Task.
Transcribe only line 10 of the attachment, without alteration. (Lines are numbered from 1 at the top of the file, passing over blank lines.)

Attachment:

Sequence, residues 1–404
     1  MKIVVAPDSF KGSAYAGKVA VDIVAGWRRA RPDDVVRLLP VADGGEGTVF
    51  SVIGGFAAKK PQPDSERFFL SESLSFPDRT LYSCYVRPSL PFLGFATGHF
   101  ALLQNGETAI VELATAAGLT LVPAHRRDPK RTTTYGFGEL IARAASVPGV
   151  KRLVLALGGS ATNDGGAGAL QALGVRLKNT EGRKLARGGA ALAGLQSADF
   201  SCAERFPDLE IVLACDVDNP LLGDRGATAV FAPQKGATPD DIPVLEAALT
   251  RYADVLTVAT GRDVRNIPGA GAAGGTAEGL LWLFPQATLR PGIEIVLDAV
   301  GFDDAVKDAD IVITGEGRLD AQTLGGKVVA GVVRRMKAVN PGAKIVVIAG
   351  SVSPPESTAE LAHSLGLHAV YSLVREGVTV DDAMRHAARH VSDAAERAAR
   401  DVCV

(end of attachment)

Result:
   401  DVCV